S0081 - Ultrasensitive qualitative detection of yellow
fever virus by reverse transcription coupled real time
polymerase chain reaction.
Yellow fever occurs frequently in tropical regions of Africa and
South America. The virus belongs to the Flaviviridae family,
Flavivirus genus (Monath and Heinz, 1996). Mosquitos carry the
virus from one host to another, primarily between monkeys, from
monkeys to humans, and from person to person. Transmission to
humans commonly occurs in forest transition zones; the disease
may enter into populated urban areas through the spread of the
mosquito vector. Many tropical cities are now facing yellow
fever epidemics because of unhygienic living conditions allowing
mosquitos to breed there.
Patients infected with yellow fever virus can develop acute
onset of fever followed by jaundice within two weeks of onset of
first symptoms and bleeding from nose, gums, skin, or
gastrointestinal tract. Death may occur within 3 weeks of onset
of severe illness. Up to 50% of severely affected patients die
from yellow fever. There is no cure for yellow fever; treatment
is palliative only.
Yellow fever is difficult to diagnose, especially during the
early stages. It can be confused with severe malaria, dengue
hemorrhagic fever, leptospirosis, viral hepatitis, hemorrhagic
fevers and other diseases, as well as poisoning.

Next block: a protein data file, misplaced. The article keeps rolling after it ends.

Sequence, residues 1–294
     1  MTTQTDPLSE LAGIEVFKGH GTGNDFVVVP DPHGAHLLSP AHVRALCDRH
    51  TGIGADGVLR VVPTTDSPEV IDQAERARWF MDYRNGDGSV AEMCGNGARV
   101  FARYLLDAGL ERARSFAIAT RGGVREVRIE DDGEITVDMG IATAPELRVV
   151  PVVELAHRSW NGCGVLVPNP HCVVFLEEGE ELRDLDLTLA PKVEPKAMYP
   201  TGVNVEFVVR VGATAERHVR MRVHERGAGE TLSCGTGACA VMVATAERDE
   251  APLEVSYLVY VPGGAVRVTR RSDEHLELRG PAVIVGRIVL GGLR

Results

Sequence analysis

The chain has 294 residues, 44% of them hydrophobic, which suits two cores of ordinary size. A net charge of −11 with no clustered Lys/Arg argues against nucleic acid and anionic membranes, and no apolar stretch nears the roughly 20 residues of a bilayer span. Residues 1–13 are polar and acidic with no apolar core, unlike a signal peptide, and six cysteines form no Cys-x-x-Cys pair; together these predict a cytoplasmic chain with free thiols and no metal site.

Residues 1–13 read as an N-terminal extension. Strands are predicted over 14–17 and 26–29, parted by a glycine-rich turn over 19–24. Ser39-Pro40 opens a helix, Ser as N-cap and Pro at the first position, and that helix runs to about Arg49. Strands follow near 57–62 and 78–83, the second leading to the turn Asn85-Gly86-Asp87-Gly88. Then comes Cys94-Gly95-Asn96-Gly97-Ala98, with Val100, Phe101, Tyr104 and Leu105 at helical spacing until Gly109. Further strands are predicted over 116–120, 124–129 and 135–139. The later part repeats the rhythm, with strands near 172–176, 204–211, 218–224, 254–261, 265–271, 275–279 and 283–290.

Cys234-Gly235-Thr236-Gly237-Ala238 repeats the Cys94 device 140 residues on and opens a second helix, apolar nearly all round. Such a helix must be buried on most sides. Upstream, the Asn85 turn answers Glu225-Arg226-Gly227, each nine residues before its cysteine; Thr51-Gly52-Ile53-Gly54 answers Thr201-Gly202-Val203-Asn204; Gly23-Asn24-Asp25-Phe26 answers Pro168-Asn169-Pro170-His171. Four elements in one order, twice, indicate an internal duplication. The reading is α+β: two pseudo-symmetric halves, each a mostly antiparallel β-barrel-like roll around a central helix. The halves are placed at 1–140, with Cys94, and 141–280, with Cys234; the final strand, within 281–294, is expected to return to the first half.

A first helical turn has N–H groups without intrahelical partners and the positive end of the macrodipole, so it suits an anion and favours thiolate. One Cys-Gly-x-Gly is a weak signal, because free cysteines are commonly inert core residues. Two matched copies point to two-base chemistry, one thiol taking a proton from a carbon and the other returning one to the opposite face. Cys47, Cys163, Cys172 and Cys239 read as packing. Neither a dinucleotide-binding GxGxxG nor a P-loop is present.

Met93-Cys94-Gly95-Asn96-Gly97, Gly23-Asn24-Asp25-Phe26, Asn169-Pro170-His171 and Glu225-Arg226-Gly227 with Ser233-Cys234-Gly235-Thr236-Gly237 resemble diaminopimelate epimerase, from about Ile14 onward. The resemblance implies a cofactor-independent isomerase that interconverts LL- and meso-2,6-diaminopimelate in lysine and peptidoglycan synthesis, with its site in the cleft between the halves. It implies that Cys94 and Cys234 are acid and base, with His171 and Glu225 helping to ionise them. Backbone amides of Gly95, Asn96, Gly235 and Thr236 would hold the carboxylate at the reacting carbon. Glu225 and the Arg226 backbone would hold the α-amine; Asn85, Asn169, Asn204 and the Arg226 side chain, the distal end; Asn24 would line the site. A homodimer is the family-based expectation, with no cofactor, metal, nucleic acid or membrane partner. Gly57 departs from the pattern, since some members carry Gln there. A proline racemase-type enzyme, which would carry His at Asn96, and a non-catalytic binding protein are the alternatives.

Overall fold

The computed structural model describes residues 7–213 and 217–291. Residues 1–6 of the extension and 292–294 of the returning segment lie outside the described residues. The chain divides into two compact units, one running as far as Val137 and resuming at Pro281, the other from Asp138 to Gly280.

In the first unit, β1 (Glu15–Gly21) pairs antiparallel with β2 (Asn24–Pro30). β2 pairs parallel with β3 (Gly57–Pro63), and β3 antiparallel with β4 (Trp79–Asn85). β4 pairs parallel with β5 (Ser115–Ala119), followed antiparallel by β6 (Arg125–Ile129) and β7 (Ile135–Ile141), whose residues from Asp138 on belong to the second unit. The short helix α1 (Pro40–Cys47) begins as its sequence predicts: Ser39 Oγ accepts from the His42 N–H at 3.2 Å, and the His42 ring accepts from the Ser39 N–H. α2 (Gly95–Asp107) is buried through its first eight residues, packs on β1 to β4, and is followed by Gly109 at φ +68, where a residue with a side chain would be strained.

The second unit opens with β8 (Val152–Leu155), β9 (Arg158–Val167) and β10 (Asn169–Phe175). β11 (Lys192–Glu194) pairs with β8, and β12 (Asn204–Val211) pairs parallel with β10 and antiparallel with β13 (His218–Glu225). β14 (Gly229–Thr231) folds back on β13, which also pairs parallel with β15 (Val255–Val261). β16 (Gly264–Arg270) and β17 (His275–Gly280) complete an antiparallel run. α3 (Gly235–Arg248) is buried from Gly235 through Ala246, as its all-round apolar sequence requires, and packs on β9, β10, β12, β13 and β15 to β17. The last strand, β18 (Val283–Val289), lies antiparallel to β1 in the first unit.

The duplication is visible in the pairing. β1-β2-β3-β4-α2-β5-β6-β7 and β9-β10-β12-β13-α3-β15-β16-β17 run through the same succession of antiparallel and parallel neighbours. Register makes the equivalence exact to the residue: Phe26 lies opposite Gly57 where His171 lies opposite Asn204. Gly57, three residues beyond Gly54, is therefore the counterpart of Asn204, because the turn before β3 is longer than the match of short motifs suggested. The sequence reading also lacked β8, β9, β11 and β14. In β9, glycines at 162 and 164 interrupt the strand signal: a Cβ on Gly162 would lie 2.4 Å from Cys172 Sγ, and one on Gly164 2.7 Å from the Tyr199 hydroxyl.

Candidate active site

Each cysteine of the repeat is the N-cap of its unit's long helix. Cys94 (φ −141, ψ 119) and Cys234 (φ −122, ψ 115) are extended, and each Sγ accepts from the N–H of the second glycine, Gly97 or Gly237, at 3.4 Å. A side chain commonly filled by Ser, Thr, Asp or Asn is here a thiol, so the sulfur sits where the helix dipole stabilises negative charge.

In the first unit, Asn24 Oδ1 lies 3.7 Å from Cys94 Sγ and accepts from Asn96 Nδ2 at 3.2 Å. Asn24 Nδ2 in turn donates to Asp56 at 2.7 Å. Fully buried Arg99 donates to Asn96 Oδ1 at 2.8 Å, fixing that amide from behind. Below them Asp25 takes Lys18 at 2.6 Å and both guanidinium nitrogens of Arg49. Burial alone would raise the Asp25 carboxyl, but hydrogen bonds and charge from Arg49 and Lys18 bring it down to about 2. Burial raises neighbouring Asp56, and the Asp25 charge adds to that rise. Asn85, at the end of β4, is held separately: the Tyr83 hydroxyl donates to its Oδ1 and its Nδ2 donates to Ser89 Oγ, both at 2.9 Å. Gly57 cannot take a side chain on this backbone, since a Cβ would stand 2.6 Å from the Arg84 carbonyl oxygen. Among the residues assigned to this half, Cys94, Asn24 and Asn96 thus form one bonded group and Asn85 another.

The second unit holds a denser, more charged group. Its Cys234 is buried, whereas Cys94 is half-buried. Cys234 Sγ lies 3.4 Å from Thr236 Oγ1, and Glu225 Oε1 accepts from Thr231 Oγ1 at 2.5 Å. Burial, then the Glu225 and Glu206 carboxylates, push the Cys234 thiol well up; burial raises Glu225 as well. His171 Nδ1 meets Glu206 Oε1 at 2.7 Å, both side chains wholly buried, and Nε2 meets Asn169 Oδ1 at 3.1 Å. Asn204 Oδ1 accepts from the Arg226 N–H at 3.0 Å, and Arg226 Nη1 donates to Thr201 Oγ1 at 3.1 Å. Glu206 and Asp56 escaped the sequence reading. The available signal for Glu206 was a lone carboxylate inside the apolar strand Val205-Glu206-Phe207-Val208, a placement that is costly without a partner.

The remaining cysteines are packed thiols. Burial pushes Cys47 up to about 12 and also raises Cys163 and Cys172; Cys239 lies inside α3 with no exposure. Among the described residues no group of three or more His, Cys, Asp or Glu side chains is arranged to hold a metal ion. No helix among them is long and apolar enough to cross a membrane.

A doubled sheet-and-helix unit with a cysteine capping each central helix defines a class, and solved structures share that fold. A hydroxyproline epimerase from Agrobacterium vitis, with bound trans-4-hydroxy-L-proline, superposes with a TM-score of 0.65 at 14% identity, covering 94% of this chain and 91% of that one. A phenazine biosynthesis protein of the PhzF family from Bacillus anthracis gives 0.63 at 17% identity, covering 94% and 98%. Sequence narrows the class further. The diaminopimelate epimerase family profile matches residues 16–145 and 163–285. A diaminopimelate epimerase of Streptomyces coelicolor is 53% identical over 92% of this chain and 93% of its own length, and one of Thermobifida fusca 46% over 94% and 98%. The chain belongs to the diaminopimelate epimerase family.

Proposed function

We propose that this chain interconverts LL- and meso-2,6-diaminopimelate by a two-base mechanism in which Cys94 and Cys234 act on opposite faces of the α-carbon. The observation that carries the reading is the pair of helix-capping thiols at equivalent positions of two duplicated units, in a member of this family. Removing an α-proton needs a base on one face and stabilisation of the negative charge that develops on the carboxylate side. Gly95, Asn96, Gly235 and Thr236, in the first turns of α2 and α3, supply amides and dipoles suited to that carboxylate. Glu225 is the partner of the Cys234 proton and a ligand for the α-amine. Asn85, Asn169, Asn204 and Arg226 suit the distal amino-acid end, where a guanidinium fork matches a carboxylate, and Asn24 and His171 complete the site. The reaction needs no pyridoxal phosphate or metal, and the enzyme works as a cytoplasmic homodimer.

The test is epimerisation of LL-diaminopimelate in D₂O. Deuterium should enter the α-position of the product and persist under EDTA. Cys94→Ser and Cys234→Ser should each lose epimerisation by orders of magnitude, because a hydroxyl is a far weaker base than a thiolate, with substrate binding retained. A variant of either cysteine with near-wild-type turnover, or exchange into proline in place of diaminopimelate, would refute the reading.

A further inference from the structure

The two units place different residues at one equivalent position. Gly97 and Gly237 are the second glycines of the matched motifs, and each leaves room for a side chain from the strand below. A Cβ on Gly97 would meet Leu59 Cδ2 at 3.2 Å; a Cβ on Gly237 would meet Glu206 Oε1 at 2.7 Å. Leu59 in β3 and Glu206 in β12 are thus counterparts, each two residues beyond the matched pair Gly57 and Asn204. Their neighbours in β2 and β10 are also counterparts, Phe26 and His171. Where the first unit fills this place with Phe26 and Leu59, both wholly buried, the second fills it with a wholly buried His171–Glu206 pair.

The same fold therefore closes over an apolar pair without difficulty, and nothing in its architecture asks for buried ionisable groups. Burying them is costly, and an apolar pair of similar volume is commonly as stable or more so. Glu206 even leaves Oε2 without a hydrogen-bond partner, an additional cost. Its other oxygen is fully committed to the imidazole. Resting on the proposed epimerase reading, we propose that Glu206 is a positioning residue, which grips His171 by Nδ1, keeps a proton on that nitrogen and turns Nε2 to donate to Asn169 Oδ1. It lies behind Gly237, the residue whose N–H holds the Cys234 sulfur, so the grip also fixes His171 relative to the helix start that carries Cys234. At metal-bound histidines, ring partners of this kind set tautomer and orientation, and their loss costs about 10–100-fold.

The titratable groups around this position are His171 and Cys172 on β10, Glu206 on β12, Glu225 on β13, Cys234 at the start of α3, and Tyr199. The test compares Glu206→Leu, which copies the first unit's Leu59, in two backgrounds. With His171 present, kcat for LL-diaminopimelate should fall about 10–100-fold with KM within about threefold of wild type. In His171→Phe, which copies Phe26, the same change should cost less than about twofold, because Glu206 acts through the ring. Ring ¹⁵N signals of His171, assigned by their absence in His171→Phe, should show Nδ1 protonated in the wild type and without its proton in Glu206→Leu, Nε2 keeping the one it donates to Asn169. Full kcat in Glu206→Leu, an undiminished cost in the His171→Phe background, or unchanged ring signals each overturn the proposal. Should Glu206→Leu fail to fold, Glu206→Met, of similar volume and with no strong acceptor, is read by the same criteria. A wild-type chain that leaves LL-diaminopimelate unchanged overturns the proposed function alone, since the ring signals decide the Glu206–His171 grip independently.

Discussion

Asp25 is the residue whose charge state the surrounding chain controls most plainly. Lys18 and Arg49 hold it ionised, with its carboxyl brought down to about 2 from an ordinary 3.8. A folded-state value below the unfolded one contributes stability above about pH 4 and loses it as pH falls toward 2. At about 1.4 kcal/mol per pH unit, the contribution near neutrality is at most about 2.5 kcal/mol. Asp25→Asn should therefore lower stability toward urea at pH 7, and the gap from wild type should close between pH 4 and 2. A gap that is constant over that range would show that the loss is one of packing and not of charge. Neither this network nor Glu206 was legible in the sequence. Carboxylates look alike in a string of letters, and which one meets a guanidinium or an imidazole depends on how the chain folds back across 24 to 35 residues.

Traditional laboratory methods of diagnosing yellow fever
include culture isolation of the yellow fever virus; or the
presence of yellow fever specific IgM; or a four-fold or greater
rise in serum IgG levels (acute or convalescent); or positive
post-mortem liver histopathology; or detection of yellow fever
viral antigen in tissues by immunohistochemistry.
More recently, the detection of yellow fever virus
genomic sequences in blood or organs by polymerase chain
reaction (PCR) has become a useful diagnostic tool. Diagnosis by
PCR is now often preferred because of its speed, high
specificity and sensitivity.
Help confirm the disease causing agent
Shorten the time required to confirm a clinical diagnosis of
Help ensure that primate colonies are free of yellow fever
Early prevention of spread of this virus
Minimize personnel exposure to this virus
Monath TP, Heinz FX (1996) Flaviviruses. In Fields BN, Knipe DM,
Howley PM et al. (eds): ‘‘Fields Virology.’’ Philadelphia:
Lippincott-Raven Press Publishers, pp 961–1034.
Specimen requirements: 0.2 ml whole blood
in EDTA (purple top) tube, or 0.2 ml serum
or plasma, or 0.2 ml fresh or frozen tissue.
Contact Zoologix if advice is needed to determine an appropriate specimen type for a specific diagnostic application. For specimen types not listed here, please contact Zoologix to confirm specimen acceptability and shipping instructions. For
all specimen types, if there will be a delay in shipping, or
during very warm weather, refrigerate specimens until shipped
and ship with a cold pack unless more stringent shipping
requirements are specified. Frozen specimens should be shipped
so as to remain frozen in transit. See
shipping instructions for more information.
2 business days
transcription coupled real time PCR
Normal range: Nondetected